Poem – A Thousand Cars Honking


A Thousand Cars Honking

 

I know nothing about love.

Love knows nothing about me.

The cat washes his paw. Rubs behind his ear.

Stops bathing, looks at me.

He is tired of my secrets. They are not secrets.

They walk across my face

Like the cat crosses the garden, moonlight indifferent

The insects talking of their love.

 

In the workshop of my heart,

My muddled mind, my soul builds love with wire,

Wood, paper, iron and copper, the feather fallen

From the crow, the pup’s baby molar

Glued on top, I turn it upside down and hum.

It must be love. I add two more staples and take up

The sandpaper, rubbing it smoother, finding a way.

 

You tell me about love. Past and present.

The repetition of love. The tenderness of puzzles,

A round of hide and seek,

The tag and race, the colours of summer

In your voice, sudden coolness of summer rain.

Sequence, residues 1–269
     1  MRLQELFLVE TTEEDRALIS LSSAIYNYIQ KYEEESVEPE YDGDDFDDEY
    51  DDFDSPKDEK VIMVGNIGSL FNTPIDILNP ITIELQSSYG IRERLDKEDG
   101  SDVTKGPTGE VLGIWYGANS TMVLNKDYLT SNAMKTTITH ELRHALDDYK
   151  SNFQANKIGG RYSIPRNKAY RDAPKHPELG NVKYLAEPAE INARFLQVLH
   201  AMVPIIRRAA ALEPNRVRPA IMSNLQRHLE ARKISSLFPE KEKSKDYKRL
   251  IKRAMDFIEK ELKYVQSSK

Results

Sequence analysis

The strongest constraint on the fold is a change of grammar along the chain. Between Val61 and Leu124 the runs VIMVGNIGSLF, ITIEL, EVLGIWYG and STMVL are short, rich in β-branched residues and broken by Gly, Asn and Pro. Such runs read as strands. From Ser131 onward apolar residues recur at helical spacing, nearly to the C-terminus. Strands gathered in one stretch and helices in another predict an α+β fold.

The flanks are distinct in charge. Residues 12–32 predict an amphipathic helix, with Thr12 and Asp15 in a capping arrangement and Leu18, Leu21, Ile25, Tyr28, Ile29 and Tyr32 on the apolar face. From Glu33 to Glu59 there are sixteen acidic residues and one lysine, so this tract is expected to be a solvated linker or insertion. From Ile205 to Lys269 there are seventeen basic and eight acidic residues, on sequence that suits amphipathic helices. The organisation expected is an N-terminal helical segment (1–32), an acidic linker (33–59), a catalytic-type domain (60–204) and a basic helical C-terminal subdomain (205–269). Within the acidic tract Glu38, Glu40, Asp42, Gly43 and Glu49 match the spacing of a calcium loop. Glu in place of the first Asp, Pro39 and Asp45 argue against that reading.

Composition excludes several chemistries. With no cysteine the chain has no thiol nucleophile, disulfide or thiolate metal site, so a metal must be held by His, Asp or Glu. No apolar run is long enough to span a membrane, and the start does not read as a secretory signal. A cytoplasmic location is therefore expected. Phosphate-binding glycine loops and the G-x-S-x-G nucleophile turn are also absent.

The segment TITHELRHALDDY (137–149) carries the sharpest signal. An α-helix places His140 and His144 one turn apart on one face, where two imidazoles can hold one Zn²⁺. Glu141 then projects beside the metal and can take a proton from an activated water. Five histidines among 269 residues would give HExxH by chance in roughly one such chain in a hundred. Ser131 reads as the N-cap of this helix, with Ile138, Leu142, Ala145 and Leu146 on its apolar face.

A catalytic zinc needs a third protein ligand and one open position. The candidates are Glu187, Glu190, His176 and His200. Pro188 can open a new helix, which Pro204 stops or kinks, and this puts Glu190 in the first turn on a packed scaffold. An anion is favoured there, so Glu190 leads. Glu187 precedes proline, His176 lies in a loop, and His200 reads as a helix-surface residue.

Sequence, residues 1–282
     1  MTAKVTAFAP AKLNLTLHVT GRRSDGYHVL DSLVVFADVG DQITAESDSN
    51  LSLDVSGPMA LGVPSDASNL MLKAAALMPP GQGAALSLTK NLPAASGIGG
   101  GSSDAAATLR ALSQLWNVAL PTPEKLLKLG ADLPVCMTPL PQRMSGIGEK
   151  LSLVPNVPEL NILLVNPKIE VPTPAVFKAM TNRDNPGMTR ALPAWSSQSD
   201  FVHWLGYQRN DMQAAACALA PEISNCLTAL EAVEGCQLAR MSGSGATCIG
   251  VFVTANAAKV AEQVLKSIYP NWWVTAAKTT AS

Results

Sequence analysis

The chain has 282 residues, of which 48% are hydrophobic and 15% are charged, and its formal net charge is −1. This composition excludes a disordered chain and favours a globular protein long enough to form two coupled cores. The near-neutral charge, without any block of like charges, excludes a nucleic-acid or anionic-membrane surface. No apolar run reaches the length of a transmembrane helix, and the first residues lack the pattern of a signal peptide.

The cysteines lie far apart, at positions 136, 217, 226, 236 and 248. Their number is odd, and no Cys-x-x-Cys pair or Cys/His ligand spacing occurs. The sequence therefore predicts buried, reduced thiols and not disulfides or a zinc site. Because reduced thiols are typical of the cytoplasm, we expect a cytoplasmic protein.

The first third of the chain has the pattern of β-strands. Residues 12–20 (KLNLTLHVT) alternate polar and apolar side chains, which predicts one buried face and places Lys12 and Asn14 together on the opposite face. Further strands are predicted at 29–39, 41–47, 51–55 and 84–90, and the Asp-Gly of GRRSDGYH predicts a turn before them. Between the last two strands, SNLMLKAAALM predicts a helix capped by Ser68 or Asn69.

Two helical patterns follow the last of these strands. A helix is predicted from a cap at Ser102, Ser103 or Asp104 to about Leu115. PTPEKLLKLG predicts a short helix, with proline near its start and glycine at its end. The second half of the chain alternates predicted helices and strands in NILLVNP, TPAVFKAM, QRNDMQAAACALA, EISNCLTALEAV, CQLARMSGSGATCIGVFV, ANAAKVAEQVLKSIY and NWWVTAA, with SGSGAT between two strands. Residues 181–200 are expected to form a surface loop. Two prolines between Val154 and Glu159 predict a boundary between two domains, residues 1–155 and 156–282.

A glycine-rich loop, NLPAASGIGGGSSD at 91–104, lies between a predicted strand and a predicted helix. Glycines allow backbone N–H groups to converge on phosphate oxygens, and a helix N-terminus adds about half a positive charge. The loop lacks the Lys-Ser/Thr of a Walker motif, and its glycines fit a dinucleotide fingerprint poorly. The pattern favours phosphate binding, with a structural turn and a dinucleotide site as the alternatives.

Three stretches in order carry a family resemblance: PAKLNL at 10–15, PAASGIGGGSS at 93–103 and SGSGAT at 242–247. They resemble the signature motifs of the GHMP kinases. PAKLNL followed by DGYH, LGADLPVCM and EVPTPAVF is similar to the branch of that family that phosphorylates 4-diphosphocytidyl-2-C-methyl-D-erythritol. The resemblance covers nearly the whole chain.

I hear the thunder booming coming closer. 

 

It is not like my hammer.

Tapping in a few new tacks to keep the cover

From slipping off too fast.  Gifts, small

And many, moments inside the day.

 

I see what I can see and watch for the rest

When my mind lets my heart run.

 

You are a kite and I want to be the wind.

It is all slow dance, the same music playing

In our heads. A thousand cars honking

Racing by, blinding us with their lights.

 

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Author: William J. Gibson

62 year old - writer/photographer Canadian, survived open heart surgery, received kidney transplant, sometimes dour, sometimes amusing, over six feet in height, severely follicle challemged

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